Simple closed curves are also known as **Jordan curves**. They are named after mathematician Camille Jordan (1838-1922), who first proved a groundbreaking theorem known as the *Jordan curve theorem*. This theorem tells us that every simple closed curve divides the plane to an interior region and an exterior region, and every continuous path connecting a point of one of these to a point of the other will intersect the curve somewhere. Although this might seem simple and obvious, it is actually very difficult to prove.

## Examples of Simple Closed Calculus Curves

A circle is perhaps the simplest example of a Jordan curve. But squashed circles and other irregular shapes can be Jordan curves too, just so long as their sides do not intersect each other and they are closed. A square is a Jordan curve. So is a rectangle.

Of the four images of calculus curves below, only the bottom left is a simple closed curve. The one beside it on the right is also closed, but it isn’t simple. The two on top are not closed.

## Properties of Simple Closed Calculus Curves

Jordan curves are topologically equivalent to a unit circle (a circle with a radius of 1). If you take any triangle T and a simple closed curve C, C will have an inscribed triangle similar to the triangle T.

## References

Tverberg, Helge (1980), “A proof of the Jordan curve theorem” (PDF), Bulletin of the London Mathematical Society, 12 (1): 34–38, CiteSeerX 10.1.1.374.2903, doi:10.1112/blms/12.1.34. Retrieved from https://londmathsoc.onlinelibrary.wiley.com/doi/abs/10.1112/blms/12.1.34 on August 18, 2019

Szabo, Tibor. Graph Theory– WS 06/07 Lecture Notes. Lecture 13, Turán-Type Problems, Planar Graphs I. Published Jan 24, 2007. Swiss Federal Institute of Technology, Zurich. Retrieved from https://www.ti.inf.ethz.ch/ew/courses/GT06/lectures/PDF/lecture13.pdf on August 18, 2019

## Trident of Newton

The **Trident of Newton** (or just “Trident”) is a cubic curve defined by the equation [1]

*ax*^{3} + *bx*^{2} + *cx* +* d* = *xy*,

where coefficients *a, b, c, d,* are real constants and *a* ≠ 0, *ad* ≠ 0.

The parametric equations and polar equations are, according to Dennis Lawrence [2], “not interesting.” The curve has one discontinuity at x = 0 and one asymptote at x = 0.

The curve, which is sometimes called a *Cartesian parabola* [3] or *Parabola of Descartes* (even though it isn’t a parabola) is an esoteric algebraic curve (“algebraic” means that it can be described with polynomials).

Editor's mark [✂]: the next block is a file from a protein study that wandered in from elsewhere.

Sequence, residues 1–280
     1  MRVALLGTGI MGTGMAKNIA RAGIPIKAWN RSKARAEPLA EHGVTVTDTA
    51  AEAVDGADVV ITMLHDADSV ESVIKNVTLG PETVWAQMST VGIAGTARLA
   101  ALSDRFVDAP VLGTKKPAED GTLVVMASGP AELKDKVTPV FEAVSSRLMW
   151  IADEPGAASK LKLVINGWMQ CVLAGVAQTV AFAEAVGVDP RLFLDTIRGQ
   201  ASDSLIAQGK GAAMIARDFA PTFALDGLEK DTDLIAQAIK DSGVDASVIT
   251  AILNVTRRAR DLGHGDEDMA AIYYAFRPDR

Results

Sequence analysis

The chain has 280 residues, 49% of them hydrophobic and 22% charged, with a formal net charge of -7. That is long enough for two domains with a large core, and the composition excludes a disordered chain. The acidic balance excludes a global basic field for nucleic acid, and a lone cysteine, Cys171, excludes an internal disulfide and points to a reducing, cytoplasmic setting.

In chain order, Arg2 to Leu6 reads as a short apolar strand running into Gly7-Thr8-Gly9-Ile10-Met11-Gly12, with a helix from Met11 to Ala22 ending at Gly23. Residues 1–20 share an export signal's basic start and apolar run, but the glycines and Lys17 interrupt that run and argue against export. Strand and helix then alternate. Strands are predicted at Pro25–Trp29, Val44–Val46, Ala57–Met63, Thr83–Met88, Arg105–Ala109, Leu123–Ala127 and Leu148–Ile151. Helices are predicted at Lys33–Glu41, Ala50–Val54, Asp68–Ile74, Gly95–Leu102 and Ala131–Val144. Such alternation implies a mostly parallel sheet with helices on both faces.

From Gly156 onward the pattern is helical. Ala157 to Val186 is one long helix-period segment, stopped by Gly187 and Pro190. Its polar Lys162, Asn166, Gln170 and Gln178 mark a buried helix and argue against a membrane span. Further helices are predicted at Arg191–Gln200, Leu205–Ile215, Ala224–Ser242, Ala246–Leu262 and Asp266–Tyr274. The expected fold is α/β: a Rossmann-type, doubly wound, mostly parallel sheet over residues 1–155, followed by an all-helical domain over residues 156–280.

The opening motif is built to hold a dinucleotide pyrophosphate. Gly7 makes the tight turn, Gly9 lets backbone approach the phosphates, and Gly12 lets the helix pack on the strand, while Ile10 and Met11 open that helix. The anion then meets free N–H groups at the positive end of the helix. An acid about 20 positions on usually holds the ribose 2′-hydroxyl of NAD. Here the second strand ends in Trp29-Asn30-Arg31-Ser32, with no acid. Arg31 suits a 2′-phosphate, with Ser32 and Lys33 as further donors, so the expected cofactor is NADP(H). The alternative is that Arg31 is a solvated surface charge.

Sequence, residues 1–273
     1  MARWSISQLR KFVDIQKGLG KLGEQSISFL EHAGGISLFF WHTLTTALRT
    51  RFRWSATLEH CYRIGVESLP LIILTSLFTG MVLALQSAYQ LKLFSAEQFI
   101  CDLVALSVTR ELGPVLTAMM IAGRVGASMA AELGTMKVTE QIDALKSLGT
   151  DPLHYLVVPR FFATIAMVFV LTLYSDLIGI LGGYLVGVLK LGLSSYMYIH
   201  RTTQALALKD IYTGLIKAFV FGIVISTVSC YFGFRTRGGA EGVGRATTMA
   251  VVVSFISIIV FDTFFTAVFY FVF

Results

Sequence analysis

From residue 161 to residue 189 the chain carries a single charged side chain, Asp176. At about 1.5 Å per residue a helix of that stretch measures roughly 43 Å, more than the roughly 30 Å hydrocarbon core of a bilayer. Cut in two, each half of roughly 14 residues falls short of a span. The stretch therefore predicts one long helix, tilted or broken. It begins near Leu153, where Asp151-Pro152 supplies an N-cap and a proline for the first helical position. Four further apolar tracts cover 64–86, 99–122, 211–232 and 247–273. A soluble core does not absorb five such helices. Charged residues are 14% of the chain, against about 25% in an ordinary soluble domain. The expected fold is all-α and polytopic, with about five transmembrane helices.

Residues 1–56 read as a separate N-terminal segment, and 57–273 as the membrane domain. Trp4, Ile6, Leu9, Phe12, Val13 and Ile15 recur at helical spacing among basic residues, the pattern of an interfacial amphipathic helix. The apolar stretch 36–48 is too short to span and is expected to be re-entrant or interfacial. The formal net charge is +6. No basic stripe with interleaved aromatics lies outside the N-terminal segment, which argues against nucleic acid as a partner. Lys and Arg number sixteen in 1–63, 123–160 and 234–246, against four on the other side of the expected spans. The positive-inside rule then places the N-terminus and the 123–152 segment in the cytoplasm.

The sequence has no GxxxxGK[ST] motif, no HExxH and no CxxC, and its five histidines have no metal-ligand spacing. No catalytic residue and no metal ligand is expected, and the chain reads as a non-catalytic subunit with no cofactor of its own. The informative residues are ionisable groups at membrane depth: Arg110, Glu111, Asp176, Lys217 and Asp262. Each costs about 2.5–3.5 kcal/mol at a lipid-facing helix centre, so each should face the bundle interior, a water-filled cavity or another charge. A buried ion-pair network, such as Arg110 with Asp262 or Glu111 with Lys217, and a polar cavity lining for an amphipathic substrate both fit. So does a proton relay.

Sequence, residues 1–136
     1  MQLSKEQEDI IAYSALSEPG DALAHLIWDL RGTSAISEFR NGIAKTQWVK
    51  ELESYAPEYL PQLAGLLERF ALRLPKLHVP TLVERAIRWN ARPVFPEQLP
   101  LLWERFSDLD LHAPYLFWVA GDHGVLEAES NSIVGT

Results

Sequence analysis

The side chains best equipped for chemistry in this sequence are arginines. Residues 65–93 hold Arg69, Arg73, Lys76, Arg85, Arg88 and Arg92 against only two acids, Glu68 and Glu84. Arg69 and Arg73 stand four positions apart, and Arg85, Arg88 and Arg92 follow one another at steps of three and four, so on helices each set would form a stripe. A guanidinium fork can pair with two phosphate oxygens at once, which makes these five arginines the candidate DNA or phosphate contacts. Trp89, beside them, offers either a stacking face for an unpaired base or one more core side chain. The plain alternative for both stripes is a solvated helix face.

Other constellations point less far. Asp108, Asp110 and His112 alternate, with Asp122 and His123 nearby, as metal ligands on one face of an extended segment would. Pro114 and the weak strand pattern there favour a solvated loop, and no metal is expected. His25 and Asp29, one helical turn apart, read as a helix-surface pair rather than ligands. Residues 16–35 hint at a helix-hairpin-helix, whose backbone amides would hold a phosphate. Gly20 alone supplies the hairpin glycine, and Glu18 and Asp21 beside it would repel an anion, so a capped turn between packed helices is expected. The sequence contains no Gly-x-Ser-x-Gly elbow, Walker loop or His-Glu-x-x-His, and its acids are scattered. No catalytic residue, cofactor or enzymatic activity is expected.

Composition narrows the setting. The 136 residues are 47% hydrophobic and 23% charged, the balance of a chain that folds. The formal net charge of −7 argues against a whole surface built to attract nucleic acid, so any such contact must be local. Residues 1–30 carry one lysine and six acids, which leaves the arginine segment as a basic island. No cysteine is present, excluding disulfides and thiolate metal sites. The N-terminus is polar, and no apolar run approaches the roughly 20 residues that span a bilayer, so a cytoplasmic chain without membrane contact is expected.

The above graph was created with Desmos. Click on the link and you’ll be able to specify different values for the constants.

## History of The Trident of Newton

According to MacTutor [4], both Newton and Descartes studied the curve, although it was Newton who named it “trident.” Trident calculus curves appear in Newton’s *Introduction to the Quadrature of Curves*. The text was translated into English by by John Harris in 1710 [5]. Newton states that the properties of the trident include:

- Four infinite legs (i.e., the four ends of the curve tend to infinity),
- Two tending towards contrary parts (i.e., the y-axis is an asymptote).

As well as describing a plane curve, Newton used a trident symbol to describe Bismuth. Newton made creative and unorthodox use of alchemical symbols, most of which he created himself [6].

## Calculus Curves: References

[1] Trident of Newton. Retrieved March 3, 2022 from: https://archive.lib.msu.edu/crcmath/math/math/t/t328.htm

[2] Lawrence, D. (1972). A Catalog of Special Plane Curves. Dover Publications.

[3] Shikin, E. (2014). Handbook and Atlas of Curves. CRC Press.

[4] MacTutor. Trident of Newton. Retrieved March 3, 2022 from: https://mathshistory.st-andrews.ac.uk/Curves/Trident/#:~:text=The%20trident%20is%20the%2066,two%20tending%20towards%20contrary%20parts%20.

[5] Harris, J. (1710). INTRODUCTION TO THE QUADRATURE OF CURVES. London.

[6] Symbol Guide. Retrieved March 3, 2022 from: https://webapp1.dlib.indiana.edu/newton/reference/symbols.do